Motherly Instincts Overpower the Instinct to Kill
Conservation officials say while this is a rare thing to happen, they don't know how long it will last
JOHANNESBURG, SOUTH AFRICA — It’s a rare thing in the wild to see, but in a Tanzanian Wildlife Conservation, being a mother is all that matters.
In the wild, lions and leopards are mortal enemies and lions will kill their competition within seconds of meeting one another.
But this lioness, who has taken pity on an orphan leopard cub, is taking care of it and inviting it into the pride.
Conservation officials say while this is a rare thing to happen, they don’t know how long it will last.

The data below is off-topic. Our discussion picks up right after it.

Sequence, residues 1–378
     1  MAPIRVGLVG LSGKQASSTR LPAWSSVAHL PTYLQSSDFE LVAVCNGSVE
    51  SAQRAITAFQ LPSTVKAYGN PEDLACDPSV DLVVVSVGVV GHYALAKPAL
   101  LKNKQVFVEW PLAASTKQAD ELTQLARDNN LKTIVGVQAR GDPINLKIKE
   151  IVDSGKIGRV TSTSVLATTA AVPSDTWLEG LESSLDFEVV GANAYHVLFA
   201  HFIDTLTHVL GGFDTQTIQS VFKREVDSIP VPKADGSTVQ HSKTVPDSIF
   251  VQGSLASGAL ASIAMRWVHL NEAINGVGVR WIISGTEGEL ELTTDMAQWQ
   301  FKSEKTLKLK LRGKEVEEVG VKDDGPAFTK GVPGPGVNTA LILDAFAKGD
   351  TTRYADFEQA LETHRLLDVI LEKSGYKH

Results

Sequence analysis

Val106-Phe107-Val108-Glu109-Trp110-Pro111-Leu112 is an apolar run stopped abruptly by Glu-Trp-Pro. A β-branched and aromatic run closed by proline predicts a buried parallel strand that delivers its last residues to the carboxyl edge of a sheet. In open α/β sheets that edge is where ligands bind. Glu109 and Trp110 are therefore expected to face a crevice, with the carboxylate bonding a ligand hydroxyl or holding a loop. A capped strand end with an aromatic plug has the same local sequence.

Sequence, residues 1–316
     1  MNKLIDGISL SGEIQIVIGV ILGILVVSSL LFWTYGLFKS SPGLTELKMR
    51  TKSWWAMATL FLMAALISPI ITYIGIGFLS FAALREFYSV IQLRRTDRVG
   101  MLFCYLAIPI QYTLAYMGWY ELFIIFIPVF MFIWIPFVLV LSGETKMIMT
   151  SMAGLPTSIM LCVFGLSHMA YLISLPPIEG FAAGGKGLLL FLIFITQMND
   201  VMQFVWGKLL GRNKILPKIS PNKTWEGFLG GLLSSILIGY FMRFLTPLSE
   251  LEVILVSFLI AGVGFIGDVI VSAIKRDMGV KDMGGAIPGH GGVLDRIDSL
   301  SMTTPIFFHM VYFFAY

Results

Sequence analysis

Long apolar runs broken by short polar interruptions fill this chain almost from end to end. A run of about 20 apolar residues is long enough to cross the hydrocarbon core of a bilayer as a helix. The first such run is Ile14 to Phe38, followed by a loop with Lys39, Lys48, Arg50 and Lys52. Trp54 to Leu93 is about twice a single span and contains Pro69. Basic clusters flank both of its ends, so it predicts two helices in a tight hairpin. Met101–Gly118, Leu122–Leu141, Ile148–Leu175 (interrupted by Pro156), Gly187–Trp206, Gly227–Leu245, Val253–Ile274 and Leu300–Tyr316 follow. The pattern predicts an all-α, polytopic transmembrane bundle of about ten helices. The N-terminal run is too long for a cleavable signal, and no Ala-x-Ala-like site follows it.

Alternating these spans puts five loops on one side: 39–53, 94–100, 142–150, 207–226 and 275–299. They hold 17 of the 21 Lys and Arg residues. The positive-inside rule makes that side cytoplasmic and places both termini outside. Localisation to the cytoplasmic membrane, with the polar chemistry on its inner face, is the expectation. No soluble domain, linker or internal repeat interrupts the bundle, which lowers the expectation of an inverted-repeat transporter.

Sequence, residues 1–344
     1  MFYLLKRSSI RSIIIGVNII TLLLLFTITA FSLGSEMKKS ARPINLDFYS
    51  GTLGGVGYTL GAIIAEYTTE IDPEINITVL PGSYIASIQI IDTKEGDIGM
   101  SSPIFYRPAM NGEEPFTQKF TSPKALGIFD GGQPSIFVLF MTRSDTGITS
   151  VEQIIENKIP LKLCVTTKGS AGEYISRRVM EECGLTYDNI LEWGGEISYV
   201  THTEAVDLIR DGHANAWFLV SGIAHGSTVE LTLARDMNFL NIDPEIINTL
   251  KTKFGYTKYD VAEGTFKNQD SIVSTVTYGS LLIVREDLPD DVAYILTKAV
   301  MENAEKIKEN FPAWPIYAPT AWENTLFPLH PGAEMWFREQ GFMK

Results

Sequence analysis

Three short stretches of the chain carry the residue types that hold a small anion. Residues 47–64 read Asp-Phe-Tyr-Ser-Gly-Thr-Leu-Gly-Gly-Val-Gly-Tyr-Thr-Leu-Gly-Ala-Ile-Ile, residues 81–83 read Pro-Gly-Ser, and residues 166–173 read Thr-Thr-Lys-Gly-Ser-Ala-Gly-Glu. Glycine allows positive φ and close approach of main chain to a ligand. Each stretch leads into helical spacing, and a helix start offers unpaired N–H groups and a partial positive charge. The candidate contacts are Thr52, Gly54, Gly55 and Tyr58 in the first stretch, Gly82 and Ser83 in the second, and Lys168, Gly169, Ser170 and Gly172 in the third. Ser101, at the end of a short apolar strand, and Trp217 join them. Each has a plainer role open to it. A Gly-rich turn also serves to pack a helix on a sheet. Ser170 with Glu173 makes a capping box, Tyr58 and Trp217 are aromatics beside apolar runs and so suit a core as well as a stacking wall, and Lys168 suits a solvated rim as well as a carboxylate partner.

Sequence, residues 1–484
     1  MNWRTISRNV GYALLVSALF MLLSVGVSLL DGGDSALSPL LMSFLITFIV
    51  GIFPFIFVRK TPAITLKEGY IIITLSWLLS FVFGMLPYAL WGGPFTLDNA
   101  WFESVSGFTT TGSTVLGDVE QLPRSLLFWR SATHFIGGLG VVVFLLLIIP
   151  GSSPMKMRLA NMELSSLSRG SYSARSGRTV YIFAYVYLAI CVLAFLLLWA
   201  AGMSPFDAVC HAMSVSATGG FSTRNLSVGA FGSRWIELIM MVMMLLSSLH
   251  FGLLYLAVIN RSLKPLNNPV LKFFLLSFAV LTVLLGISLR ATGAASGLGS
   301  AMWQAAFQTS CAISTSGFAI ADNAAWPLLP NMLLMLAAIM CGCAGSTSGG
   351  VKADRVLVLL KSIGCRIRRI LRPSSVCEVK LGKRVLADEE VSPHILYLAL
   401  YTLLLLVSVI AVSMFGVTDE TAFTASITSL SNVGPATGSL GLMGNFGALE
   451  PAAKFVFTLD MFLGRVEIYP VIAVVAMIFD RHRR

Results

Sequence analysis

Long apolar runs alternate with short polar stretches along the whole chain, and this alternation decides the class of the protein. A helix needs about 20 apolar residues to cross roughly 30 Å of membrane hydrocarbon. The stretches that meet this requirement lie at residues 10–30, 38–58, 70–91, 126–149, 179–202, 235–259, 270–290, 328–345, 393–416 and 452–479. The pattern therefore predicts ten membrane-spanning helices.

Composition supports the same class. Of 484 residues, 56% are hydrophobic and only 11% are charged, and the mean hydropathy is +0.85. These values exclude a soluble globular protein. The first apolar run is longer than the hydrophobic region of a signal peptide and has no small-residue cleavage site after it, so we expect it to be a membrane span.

“Whether she is going to feed this baby leopard until it grows older or she will start to realize this is actually not supposed to be one of the animals I should take care of, I don’t know what the future holds,” said Agness Maluleke, who is the curator of carnivores at the Johannesburg City Park Sanzoo. “I suppose this is what monitoring for a long time to see what is going to happen in the future.”
Conservation officials say the only sense they can make of the relationship is the maternal instincts of the lioness in this case became stronger than her kill instinct.